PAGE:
The nation’s smallest jails, often overlooked in discussions about America’s high incarceration rate, have been quietly driving a historic increase in the number of people behind bars, according to researchers. These local jails, mostly serving rural communities with low crime rates, hold a disproportionate number of people who are waiting for trial and who are being held by outside agencies, such as overburdened state prison systems and U.S. Immigration and Customs Enforcement, a newly released report says.
That’s because these communities generally lack the resources to steer low-level offenders away from pretrial detention, the researchers say. And many expand their jail capacities to win a bigger share of contracts from outside agencies. The researchers, from the Vera Institute of Justice and the Safety and Justice Challenge, which both advocate for jail reform, released a report Tuesday aimed at bringing more attention to what’s happening in the country’s most sparsely populated regions.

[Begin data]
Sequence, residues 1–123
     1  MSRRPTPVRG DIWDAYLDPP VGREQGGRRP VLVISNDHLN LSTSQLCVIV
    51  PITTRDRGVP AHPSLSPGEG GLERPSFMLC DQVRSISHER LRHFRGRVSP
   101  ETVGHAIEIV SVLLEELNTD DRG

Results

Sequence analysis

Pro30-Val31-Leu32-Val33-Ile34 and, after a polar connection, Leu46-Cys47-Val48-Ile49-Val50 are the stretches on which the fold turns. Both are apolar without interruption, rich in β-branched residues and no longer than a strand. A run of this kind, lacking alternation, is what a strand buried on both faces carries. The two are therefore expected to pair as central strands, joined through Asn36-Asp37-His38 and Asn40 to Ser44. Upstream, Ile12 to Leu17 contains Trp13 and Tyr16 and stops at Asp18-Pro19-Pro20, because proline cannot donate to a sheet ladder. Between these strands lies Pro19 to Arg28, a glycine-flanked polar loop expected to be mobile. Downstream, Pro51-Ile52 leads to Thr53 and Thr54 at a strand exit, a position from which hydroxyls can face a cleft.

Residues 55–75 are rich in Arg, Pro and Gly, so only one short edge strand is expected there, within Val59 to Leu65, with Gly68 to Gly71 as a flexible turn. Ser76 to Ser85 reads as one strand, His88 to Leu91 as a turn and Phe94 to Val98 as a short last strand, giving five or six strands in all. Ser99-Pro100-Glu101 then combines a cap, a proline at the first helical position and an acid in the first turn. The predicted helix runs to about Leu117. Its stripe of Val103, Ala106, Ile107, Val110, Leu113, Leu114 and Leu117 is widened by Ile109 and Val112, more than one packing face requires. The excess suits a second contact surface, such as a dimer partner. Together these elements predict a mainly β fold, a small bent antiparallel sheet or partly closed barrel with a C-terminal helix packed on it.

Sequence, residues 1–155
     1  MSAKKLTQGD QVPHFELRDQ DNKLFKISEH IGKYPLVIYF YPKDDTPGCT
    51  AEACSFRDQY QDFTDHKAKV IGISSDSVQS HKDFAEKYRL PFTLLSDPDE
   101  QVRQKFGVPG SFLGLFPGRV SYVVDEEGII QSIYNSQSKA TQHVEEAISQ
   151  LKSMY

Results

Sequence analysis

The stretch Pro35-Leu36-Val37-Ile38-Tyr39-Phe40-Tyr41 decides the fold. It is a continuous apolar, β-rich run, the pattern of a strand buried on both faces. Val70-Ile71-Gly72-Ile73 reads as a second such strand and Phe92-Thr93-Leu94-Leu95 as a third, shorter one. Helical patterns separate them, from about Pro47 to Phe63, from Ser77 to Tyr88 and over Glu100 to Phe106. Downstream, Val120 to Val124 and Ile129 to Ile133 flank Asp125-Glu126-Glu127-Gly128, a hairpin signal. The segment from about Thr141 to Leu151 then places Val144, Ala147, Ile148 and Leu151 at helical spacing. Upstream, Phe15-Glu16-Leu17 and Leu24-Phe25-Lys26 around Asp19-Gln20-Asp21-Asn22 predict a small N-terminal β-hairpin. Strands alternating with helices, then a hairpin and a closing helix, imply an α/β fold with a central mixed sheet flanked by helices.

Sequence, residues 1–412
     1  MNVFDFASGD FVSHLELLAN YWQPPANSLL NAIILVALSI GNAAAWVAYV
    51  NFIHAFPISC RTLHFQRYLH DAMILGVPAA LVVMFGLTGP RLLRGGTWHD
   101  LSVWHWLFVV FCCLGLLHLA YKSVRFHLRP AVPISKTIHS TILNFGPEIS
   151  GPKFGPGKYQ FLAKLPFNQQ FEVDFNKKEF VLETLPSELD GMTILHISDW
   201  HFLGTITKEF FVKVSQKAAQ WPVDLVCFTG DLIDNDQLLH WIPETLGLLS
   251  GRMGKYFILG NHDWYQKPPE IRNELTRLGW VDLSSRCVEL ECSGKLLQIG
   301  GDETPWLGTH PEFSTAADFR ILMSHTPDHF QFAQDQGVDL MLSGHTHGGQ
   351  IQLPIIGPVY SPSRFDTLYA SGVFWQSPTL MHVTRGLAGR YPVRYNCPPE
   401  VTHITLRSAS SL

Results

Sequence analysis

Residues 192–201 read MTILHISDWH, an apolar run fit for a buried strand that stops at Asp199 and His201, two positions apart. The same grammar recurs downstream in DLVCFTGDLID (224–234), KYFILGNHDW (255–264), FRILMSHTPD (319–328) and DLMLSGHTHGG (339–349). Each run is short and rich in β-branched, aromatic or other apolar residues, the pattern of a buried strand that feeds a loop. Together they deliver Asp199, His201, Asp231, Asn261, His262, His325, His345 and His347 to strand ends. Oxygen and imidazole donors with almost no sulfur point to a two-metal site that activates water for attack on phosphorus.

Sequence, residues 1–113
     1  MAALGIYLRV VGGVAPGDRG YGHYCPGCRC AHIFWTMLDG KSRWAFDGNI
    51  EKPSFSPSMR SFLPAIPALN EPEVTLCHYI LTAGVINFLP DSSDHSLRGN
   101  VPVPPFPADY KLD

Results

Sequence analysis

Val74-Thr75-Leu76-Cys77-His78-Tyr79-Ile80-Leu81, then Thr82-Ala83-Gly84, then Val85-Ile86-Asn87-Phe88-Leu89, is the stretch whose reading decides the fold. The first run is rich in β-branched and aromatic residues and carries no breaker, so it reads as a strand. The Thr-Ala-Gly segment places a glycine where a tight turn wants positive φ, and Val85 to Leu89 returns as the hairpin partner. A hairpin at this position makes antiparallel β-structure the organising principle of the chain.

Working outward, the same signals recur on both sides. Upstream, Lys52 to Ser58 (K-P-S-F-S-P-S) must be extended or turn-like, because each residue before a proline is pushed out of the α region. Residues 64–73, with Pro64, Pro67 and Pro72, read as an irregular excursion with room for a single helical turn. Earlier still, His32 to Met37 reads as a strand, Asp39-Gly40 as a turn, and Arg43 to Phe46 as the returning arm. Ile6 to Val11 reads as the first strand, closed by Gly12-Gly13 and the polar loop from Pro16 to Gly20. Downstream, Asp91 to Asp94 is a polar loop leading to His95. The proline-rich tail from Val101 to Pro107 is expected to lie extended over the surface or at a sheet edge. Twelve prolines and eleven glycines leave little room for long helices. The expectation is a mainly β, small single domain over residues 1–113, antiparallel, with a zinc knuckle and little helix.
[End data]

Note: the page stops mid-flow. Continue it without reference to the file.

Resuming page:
“The growth in rural jail incarceration has really flown under the radar,” said Jacob Kang-Brown, one of the Vera researchers who helped write the report. “Many reforms to change mass incarceration are concentrated in urban areas. We tend to think that punishment and over-incarceration follows crime, and crime tends to be worse in urban areas. But rural areas have a worse jail incarceration problem.”